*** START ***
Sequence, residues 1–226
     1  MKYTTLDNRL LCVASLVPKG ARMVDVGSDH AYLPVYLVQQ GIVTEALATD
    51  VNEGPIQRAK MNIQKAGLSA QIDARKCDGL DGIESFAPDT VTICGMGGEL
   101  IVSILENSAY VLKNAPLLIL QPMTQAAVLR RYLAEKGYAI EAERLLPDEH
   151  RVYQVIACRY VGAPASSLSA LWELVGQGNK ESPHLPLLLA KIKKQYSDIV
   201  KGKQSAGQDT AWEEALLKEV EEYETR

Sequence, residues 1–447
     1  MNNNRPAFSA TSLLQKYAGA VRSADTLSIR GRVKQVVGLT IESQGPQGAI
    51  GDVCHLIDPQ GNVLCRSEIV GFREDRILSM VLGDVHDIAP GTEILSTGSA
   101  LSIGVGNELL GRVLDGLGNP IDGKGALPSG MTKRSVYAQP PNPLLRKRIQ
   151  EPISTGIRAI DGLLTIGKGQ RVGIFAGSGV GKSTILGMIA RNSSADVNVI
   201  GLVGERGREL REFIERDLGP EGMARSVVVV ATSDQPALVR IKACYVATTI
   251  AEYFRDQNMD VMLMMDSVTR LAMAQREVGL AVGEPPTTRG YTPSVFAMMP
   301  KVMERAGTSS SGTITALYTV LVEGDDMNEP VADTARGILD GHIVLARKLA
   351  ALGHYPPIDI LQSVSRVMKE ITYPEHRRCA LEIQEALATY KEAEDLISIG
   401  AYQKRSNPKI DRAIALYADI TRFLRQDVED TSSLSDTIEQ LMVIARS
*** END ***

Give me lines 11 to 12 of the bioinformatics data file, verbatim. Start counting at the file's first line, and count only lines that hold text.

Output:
   151  EPISTGIRAI DGLLTIGKGQ RVGIFAGSGV GKSTILGMIA RNSSADVNVI
   201  GLVGERGREL REFIERDLGP EGMARSVVVV ATSDQPALVR IKACYVATTI